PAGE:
The free bird leaps
on the back of the wind
and floats downstream
till the current ends
and dips his wings
in the orange sun rays
and dares to claim the sky.

But a bird that stalks
down his narrow cage
can seldom see through
his bars of rage
his wings are clipped and
his feet are tied
so he opens his throat to sing.

The caged bird sings
with fearful trill
of the things unknown
but longed for still
and his tune is heard
on the distant hill for the caged bird
sings of freedom

The free bird thinks of another breeze
and the trade winds soft through the sighing trees
and the fat worms waiting on a dawn-bright lawn
and he names the sky his own.

But a caged bird stands on the grave of dreams
his shadow shouts on a nightmare scream
his wings are clipped and his feet are tied
so he opens his throat to sing

The caged bird sings
with a fearful trill
of things unknown
but longed for still
and his tune is heard
on the distant hill
for the caged bird
sings of freedom.

Source: https://www.familyfriendpoems.com/poem/i-know-why-the-caged-bird-sings-by-maya-angelou

Posted in Apothecary for the Creative Spirit, Art and Healing, Artistic Almshouse, Aussie Birds and Animal Wisdom, Aussie Birds and Animals, Back Yard Bird Life, Contemplative Practice, Heather Blakey, Wild Play

Sing from an Elevated Perch

Over 52 weeks I will be learning all about how to live and work creatively. My teachers are Aussie birds and animals. It is week two and the creative force has produced the Common Blackbird to build on the lessons that the Superb Blue Wren initiated.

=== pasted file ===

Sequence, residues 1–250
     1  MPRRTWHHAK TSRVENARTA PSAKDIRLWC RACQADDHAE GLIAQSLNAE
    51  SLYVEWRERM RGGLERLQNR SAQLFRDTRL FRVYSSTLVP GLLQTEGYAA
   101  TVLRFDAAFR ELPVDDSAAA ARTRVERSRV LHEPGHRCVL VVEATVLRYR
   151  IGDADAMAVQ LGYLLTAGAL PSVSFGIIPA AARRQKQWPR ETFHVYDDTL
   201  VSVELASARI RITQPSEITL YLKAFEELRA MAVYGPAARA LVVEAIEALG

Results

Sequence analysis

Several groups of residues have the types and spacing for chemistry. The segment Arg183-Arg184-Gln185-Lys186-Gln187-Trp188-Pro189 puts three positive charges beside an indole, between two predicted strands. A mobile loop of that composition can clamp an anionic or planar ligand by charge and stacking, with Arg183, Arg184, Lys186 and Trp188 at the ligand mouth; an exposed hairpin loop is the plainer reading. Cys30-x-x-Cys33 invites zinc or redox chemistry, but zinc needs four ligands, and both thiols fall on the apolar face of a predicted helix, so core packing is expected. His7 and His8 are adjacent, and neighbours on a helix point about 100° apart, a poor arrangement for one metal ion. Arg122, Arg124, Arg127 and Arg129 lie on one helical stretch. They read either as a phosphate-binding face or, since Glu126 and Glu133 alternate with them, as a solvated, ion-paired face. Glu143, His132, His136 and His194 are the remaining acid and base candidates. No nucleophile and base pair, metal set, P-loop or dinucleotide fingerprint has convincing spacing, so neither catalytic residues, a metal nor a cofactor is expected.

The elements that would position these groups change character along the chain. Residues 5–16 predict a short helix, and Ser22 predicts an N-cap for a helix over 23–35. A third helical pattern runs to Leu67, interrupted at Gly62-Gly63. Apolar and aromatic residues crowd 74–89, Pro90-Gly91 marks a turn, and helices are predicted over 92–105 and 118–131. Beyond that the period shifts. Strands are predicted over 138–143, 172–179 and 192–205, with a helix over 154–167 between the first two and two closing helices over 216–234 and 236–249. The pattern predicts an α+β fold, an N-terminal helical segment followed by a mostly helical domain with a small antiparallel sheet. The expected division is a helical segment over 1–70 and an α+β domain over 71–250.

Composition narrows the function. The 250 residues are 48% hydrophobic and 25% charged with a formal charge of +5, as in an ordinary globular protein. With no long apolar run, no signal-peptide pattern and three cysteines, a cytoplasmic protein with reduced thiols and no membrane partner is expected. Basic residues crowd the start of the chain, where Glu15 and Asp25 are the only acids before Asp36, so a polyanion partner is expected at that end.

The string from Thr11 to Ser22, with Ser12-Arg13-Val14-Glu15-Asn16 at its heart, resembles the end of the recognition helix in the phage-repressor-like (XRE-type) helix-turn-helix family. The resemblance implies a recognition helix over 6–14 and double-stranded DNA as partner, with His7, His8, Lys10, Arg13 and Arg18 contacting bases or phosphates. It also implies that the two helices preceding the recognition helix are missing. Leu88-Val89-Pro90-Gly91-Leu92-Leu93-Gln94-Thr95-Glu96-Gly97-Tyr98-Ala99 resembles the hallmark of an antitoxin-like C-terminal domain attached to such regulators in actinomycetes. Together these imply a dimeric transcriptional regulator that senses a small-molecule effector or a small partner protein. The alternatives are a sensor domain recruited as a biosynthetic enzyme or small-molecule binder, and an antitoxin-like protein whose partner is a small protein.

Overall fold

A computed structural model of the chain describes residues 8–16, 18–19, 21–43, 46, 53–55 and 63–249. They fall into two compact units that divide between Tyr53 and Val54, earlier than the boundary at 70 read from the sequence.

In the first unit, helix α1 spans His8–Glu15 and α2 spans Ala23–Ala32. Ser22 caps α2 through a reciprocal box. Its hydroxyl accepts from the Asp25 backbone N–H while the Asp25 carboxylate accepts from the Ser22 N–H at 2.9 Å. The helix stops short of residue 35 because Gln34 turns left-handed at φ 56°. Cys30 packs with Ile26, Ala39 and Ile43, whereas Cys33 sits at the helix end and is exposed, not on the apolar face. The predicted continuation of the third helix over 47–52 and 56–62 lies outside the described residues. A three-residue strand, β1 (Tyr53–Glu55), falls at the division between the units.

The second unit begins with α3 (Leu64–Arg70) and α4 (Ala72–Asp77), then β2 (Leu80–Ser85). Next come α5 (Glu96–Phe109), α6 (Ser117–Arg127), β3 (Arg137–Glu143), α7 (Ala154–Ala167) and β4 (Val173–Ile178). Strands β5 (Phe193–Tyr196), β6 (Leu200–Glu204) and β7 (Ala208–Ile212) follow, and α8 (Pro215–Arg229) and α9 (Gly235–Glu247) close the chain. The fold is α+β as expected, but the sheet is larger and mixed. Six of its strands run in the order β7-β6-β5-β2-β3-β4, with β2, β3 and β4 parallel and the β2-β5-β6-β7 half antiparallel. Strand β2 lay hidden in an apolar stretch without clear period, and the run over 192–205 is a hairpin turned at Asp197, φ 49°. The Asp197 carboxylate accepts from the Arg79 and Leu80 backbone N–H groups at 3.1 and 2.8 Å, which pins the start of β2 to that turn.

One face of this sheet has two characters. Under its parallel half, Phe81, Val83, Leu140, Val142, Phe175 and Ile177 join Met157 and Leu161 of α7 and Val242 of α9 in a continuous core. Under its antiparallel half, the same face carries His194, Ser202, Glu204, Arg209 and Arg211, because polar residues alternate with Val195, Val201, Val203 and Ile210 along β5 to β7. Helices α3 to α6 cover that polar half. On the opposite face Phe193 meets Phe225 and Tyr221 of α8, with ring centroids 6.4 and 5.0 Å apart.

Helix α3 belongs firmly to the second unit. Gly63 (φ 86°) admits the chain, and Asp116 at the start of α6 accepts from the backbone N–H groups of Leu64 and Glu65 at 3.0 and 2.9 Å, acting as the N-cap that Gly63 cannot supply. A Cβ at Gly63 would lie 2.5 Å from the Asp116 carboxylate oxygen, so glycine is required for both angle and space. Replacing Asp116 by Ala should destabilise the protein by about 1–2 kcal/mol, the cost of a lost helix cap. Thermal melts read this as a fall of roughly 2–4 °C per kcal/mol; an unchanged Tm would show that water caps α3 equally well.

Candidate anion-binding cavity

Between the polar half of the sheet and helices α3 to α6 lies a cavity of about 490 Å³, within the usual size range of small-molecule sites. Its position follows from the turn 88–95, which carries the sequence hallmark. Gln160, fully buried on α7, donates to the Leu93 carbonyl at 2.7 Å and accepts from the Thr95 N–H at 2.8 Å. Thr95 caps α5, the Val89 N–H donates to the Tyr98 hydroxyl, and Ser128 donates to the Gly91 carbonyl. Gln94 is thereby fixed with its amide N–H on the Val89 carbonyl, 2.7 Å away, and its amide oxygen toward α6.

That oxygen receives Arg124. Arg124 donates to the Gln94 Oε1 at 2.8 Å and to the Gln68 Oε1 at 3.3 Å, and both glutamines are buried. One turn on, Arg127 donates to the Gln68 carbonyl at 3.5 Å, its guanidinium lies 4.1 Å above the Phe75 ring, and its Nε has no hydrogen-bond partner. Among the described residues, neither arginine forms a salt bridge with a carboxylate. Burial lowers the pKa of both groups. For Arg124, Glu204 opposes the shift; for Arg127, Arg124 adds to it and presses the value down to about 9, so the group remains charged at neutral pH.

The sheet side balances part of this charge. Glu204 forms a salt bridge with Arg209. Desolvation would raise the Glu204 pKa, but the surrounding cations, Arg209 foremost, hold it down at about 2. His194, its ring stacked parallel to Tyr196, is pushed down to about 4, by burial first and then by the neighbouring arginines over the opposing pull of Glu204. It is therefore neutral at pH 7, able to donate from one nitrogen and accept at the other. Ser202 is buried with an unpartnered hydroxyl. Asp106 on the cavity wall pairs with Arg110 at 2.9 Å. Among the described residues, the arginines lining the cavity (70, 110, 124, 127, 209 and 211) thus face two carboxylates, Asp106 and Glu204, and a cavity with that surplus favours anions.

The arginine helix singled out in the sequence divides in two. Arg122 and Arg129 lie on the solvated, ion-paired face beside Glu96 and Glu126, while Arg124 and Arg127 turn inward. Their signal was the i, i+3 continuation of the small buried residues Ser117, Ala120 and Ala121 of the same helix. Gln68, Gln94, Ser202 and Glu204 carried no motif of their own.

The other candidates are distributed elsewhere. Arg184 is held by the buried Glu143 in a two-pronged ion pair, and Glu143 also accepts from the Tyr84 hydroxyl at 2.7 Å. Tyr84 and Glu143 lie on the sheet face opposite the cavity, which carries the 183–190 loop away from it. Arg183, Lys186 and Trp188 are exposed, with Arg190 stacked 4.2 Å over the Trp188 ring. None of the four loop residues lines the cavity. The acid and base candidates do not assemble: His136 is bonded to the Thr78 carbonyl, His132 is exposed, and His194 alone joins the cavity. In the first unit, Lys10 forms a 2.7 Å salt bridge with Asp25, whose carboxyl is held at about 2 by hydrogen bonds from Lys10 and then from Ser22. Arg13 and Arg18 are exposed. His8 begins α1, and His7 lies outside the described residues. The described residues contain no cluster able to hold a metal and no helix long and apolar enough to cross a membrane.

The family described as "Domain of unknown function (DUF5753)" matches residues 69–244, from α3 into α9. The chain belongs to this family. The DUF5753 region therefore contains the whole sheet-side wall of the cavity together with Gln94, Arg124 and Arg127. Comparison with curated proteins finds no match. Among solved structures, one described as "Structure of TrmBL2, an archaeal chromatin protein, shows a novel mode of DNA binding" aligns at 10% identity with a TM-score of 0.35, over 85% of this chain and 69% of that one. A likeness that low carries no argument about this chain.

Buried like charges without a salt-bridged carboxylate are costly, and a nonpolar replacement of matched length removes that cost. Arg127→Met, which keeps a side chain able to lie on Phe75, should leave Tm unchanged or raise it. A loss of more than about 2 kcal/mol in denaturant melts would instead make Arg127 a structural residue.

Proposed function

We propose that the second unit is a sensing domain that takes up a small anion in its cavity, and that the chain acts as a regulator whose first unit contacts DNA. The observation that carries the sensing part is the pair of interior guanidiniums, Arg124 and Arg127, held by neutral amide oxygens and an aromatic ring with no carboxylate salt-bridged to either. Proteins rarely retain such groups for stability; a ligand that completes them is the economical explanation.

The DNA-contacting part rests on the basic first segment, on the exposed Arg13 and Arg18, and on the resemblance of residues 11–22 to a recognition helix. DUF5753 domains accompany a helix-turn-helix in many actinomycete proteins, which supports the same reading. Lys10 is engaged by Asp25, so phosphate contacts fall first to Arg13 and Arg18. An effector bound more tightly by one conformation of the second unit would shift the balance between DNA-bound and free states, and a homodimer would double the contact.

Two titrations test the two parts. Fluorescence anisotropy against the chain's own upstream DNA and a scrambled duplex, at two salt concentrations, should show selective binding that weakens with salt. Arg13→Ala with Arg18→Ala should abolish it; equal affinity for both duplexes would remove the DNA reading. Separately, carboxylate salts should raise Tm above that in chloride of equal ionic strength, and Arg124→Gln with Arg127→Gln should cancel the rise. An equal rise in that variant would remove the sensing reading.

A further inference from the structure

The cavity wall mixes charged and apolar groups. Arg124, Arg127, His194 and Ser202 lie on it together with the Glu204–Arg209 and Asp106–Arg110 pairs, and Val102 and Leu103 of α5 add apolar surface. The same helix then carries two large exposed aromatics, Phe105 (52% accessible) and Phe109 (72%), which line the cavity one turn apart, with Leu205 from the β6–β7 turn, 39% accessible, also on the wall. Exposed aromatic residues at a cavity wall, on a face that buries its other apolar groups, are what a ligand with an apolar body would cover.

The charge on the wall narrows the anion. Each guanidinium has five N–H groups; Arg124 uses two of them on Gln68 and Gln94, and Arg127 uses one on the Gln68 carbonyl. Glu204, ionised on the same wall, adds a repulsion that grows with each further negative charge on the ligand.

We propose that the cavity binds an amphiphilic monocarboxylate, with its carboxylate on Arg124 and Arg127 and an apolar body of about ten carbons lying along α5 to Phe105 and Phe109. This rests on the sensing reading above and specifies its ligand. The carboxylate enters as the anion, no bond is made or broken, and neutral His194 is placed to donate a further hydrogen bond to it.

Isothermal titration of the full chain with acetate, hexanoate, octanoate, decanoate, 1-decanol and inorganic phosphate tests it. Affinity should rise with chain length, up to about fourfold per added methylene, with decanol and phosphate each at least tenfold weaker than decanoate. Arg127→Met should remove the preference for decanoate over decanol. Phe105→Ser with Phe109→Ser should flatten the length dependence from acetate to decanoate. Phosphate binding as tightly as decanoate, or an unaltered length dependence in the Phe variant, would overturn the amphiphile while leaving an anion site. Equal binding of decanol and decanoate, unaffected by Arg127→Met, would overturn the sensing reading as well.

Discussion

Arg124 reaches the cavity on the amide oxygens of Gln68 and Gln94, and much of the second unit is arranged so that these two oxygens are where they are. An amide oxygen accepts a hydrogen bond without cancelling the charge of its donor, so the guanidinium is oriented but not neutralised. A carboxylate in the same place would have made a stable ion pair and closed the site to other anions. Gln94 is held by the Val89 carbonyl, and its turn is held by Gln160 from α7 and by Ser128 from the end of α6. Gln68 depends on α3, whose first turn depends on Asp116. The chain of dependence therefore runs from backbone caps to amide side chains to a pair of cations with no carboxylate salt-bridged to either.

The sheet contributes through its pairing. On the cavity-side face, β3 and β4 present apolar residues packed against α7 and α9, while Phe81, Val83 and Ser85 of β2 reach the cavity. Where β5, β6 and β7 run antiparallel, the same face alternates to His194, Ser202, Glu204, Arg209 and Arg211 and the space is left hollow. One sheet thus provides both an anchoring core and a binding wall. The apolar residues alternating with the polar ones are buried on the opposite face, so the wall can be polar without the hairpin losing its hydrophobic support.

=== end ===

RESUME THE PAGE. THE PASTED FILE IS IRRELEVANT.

Blackbirds are known for their melodious voice where they sing from high places such as; rooftops, trees and any other elevated perch. They enjoy standing alone singing and catching the attention of others. Today blackbird is asking us to recognize our creative talent. While this may not be singing, there is a talent that each of us should unhesitatingly express. Rather than hiding our Light under a bushel we need to be singing from the rooftops!

Blackbird inspired The Beatles who wrote a song about him:

Blackbird singing in the dead of night
Take these broken wings and learn to fly
All your life

You were only waiting for this moment to arise
Blackbird singing in the dead of night
Take these sunken eyes and learn to see
All your life
You were only waiting for this moment to be free

Blackbird fly Blackbird fly
Into the light of the dark black night

Blackbird fly Blackbird fly
Into the light of the dark black night

Blackbird singing in the dead of night
Take these broken wings and learn to fly
All your life

You were only waiting for this moment to arise
You were only waiting for this moment to arise
You were only waiting for this moment to arise

Today Blackbird is reminding us of the need to celebrate our creative talent, build a firm foundation upon which to create and pay close attention to the details. Blackbird is reminding us to listen to the wisdom of Paul McCartney and Maya Angelou’s And Still I Rise.

Blackbird is encouraging us to repair our broken wings, take the moment to arise and share our inspirational gifts with the world.

A participant in one of my writing courses told me that, I had to keep sharing my gift, that I would be selfish to keep the gift hidden under a bushel! Blackbird has encouraged me to arise, puff out my chest and sing, without inhibition, from an elevated space! I am a gifted purveyor of creative stimuli who has shared inspirational ways to promote creative endeavour. I do this by working on projects like this and by putting together an apothecary (a new form of the Soul Food Cafe) for those who wish to feed the creative spirit.

What will you share with the world?